Summer Activities in Kauai, HI
These guys are a riot — and they’re not hard on the eyes either. The guides on Captain Andy’s Sail and Snorkel Tour obviously enjoy their jobs: Their humor crests greater than any waves — and those can get pretty big, too. We’re not talking stupid, must-be-drinking-to-even-smirk puns, just good, clean fun. And the tours are educational, without going overboard. The 55-foot catamarans are the most comfortable and versatile way to see the Na Pali Coast. Snag the front trampolines for a wet and bouncy ride, perch above it all on the non-skid cabin roof, or hang out in the back. Dolphins love to play around the bow, so keep your (preferably waterproof) camera handy. Snorkel with parrotfish, butterflyfish, green sea turtles and even reef sharks. Like everything on this tour, the snorkel equipment is top-notch. Then kick back with wine or beer and a great deli lunch buffet.
If you haven’t gotten down and dirty for a while, Kauai ATV’s the place to do it. The four-hour tour takes you on a 22-mile, round-trip tour to a waterfall, but that’s only half the fun. The real thrill comes from the pride of conquering a steep, muddy incline or blasting through a creek. Prepare to emerge from your two- or four-person mud bug looking like a mud-wrestling champion. You can’t help but let loose when mud starts flying. And the best part: You’re wearing Kauai ATV’s clothing, so you don’t have to deal with laundry. Along the way, you’ll pass an old sugar mill, drive through a half-mile lava tunnel (Kauai’s only drivable tunnel) and motor through lush, green jungle. Eat lunch at a swimming hole, which happens to have an amazing double-tiered waterfall flowing from its source. Then, it’s time to play in the mud again.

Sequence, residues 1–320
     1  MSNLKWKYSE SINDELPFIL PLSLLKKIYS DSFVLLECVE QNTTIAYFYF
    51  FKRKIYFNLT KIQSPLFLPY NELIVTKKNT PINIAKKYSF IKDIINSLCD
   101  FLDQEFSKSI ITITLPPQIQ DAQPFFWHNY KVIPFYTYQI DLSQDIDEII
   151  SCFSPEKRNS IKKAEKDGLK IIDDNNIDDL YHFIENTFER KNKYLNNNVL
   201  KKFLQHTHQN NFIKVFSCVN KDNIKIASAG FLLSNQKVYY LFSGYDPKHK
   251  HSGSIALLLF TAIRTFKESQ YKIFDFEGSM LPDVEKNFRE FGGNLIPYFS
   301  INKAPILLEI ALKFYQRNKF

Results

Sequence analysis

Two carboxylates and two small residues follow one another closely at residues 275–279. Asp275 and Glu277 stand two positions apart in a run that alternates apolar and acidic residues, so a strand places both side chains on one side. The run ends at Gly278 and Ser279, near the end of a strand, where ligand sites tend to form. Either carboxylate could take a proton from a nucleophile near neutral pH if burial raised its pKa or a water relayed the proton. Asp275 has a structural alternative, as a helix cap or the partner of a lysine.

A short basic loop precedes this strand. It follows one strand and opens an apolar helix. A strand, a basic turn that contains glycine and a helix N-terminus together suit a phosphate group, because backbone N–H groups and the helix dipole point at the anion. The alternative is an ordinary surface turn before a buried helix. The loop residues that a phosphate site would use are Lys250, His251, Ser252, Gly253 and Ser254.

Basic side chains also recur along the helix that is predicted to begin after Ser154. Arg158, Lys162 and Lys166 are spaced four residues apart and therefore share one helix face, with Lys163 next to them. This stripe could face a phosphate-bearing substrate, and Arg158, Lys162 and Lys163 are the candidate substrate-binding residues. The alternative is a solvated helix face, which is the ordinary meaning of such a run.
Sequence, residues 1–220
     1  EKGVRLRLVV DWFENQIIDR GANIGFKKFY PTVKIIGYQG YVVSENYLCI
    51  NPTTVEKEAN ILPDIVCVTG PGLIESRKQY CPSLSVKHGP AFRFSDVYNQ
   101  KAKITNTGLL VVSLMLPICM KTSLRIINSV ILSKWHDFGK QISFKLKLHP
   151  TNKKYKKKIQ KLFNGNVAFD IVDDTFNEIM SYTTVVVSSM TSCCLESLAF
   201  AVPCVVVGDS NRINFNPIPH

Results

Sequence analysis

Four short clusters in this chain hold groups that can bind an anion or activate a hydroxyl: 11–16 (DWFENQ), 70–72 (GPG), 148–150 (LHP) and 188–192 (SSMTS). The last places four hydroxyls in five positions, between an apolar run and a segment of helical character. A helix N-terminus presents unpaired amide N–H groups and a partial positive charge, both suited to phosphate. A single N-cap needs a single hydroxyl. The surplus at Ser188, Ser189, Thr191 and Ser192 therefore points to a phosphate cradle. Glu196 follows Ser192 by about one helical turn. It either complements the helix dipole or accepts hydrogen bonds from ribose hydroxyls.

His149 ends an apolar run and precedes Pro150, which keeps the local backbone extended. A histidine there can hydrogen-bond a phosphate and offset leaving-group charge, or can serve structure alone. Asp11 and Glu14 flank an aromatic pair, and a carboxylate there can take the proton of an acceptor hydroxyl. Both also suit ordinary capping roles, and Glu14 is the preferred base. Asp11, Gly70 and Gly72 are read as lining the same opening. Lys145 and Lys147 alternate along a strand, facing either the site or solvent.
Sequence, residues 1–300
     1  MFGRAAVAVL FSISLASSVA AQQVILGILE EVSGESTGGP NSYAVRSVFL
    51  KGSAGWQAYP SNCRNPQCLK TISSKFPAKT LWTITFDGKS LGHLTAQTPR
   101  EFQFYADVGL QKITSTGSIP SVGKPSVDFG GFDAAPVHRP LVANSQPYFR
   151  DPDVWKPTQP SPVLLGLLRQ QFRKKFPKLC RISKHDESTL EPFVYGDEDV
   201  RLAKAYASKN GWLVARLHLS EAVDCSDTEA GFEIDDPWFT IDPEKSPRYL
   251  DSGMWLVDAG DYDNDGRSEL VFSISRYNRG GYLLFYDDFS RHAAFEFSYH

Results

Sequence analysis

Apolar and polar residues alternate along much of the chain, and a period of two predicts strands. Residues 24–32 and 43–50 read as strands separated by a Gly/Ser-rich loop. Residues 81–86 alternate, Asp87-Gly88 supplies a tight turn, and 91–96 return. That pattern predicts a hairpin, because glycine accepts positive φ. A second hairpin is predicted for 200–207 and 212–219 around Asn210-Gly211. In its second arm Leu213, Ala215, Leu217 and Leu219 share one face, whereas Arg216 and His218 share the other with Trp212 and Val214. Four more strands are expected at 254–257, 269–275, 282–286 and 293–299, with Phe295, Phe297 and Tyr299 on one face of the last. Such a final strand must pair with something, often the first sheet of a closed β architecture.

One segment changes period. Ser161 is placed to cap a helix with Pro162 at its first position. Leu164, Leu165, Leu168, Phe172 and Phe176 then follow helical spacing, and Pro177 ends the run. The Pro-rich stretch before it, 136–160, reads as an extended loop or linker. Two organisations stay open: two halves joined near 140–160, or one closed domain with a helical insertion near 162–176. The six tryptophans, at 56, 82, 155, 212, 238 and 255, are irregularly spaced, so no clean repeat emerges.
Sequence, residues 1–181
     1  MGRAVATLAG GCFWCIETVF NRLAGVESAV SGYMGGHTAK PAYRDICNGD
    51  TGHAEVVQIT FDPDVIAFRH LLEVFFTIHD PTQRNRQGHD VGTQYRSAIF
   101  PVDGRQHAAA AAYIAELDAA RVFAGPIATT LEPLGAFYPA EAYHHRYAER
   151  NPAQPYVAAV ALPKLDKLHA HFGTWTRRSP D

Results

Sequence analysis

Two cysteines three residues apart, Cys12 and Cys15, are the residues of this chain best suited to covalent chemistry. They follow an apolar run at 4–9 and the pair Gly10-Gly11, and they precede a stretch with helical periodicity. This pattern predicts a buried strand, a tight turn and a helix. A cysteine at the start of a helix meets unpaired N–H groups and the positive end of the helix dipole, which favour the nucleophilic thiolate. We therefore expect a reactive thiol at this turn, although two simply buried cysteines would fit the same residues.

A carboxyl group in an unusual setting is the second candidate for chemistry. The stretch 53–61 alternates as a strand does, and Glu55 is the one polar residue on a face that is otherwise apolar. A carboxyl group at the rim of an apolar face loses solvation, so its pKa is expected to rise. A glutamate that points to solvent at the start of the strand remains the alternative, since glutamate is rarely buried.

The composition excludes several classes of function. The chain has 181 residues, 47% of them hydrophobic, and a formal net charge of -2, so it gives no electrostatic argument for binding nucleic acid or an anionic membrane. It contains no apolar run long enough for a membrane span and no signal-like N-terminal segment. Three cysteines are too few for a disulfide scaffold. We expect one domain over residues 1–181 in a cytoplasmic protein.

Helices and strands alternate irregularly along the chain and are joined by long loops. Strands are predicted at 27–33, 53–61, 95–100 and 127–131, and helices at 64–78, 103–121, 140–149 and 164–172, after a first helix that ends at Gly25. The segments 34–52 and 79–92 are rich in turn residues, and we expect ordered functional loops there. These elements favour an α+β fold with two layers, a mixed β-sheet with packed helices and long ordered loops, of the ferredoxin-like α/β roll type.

Oh, yeah: This is Jane zippin’ through the jungle in style. The guides do all the work. You just hang loose and enjoy the canopy view. It takes about four hours to glide through Princeville Ranch’s nine zip lines and jump off a 10-foot cliff into a pool. They also serve lunch at the swimming hole. Start with a 170-foot-long flight, then graduate to 460 feet. Each zip line pumps up your adrenaline level a little higher. It’s hard to believe, but the views keep improving too. The entire way, you’ll fly comfortably and safely, high over lush treetops and streams. Mountains and open ranch fields accent already stunning views, so bring your camera (they provide a backpack). Test your balance — and your propensity for vertigo — on the sparsely stringed suspension bridge. On each zip, hone your cannonball skills, because you’ll need them for the 1,200 foot King Kong finale.
Row, walk, play: Kayak Kaua’i’s journey to Sacred Falls is fit for body, mind and soul. The 2-mile paddle firms up your biceps and triceps, while the tranquil Wailua River and surrounding greenery nourishes your spirit. Never kayaked? No worries. Guides teach the most effective paddling method, and they design the tour for all ages, so they’ll slow down or pick up the speed depending on need. Kayak Kaua’i is the only company that provides river kayaks, with deep seating to comfortably stretch your legs (and keep your booty dry), and rudders for easier steering. Wear water shoes for the 1-mile hike through the jungle, because you’ll cross a stream (holding a safety rope) and may encounter mud. Along the way, you’ll learn about local lore and stunning foliage until violá: the wide 100+foot falls tumble, as you enjoy a delicious lunch and cool off in the natural pools.
Stand-up paddling has it all. It’s a killer workout, only you don’t feel like you’re dying, because the river surroundings lull you into tranquility.
If you can ride a bike, you can stand-up paddle. Assume a wide stance in the middle of the board, and dig your paddle in. You’ll notice your triceps, core muscles and maybe even your legs engage. But the palm trees, flowering bushes, birds, turtles, fish and backdrop waterfalls are the primary features that will capture your attention. From Kayak Kaua’i in Hanalei, you can either head up the river or out to the ocean. Up river, you’ll duck under the one-lane bridge and glide through narrower canals until the current picks up and provides a great workout before you turn around and basically drift home. Or head to the ocean and play in small waves. Either way, you’ll leave with greater balance.